· By Dr. Kaushal M. Kulkarni, M.D.
The Burning Eyes Solution
The burning, stinging, itchy, dry sensation of your eyes can leave you feeling miserable. Every blink can feel like temporary relief from the fire embers that your eyes have become. You desire to put the fire out. To do that, you should be aware that this sensation is a symptom of another underlying issue. It can indicate anything as simple as a cold or allergies to a more serious infection. In this article, we will explore possible causes of this condition, as well as treatment options to provide you some relief.
Burning eyes are characterized by a stinging or irritating sensation. This sensation may be uncomfortable for you and cause you concern. This condition may manifest along with other symptoms such as discharge, dryness, itching, watery, bloodshot. You may also experience some nasal symptoms like postnasal drip, runny nose, stuffiness, congestion, or sneezing.
There can be many reasons for this stinging sensation. If you are concerned you have a serious condition, visit your doctor immediately to help prevent the loss of vision or spread of infection. Your doctor will usually be able to correctly diagnose and treat your condition, especially if caught early. Let’s discuss in detail some of the possible causes.
What Causes Burning Eyes
Multiple factors may be causing this unpleasant sensation. Before proceeding to possible health issues, let’s first rule out any simple external factors that may be causing this to happen:
- Tobacco smoke
- Chlorine in swimming pools
- Extreme cold or hot dry air
- Wearing contact lens for prolonged periods
If any of the above factors may be causing your issue, limit your exposure to them. The stinging sensation will go away promptly. Now let’s get into some other possible causes:
Allergies: Inflammation caused by allergies may cause the condition. Known as allergic conjunctivitis, this usually manifests as tearing, itching, stinging, and redness. Millions of Americans experience this phenomenon. Some common triggers can include outdoor allergens, indoor allergens, localized allergens, or irritants. Outdoor allergens include things such as pollen from grass, trees, and weeds. Indoor allergens can be things like pet dander, dust mites, or mold. Localized allergens can be topical products you put on your skin, like makeup or moisturizers. Irritants can include cigarette smoke, perfume, or diesel exhaust.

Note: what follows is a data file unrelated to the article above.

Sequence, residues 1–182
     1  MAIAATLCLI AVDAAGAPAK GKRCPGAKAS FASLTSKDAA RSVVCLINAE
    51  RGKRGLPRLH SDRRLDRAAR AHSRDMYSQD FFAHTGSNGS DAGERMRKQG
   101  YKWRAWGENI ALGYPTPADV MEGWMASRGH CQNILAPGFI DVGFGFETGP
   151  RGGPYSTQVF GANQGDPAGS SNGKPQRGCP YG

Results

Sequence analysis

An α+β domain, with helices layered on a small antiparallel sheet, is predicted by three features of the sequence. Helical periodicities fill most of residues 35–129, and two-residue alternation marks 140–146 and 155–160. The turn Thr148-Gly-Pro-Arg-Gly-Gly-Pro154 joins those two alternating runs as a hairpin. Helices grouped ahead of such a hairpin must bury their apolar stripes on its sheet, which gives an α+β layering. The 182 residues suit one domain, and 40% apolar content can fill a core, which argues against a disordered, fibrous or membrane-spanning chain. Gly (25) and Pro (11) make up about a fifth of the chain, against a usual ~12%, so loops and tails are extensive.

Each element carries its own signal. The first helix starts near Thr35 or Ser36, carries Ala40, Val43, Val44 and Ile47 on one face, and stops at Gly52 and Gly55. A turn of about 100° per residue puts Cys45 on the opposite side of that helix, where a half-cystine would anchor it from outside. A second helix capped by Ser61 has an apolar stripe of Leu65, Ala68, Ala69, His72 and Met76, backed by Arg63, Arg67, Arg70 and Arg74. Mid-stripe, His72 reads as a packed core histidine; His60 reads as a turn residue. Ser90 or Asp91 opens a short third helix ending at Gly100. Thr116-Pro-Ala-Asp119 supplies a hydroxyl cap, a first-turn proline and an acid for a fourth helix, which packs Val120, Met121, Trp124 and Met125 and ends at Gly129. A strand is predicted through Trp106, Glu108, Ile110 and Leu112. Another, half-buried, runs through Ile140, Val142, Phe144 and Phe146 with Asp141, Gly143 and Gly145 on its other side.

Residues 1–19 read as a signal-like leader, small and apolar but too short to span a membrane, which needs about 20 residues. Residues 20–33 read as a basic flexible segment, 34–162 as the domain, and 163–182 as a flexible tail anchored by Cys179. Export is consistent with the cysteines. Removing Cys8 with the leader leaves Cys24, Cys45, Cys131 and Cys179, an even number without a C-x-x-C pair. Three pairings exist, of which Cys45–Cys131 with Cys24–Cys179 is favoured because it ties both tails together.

Conjunctivitis: Also known as pink eye, this condition occurs when the conjunctiva is inflamed. This is the thin clear tissue on top of the white part of the ocular surface and lines the inside of the lids. This is caused by allergies, bacterial infection, or viruses, among other things. This is usually highly contagious, especially among children, but is rarely serious.
Flu or the common cold: People with upper respiratory infections may experience this burning alongside coughing, sneezing, headache, and congestion. Typically this condition clears up on its own without any serious complications, generally lasting about a week.
Blepharitis: Blepharitis occurs when the oil glands of the lids become clogged or irritated and lead to inflammation of the lid. This condition is characterized by itchy, oily, inflamed, swollen lids, accompanied by a stinging sensation. Some possible complications of this condition can be lash loss, scarring of the lid, and infection of the ocular surface.
Periorbital cellulitis/Preseptal cellulitis: This condition occurs when the tissues around the ocular surface become infected, possibly caused by an insect bite or the spread of a sinus infection. This causes redness and swelling of the lids and skins around the ocular surface. If you suspect this condition, we recommend you see a doctor immediately. It can cause permanent vision problems and even blindness if the infection spreads. Doctors will prescribe antibiotics and closely monitor patients with this condition.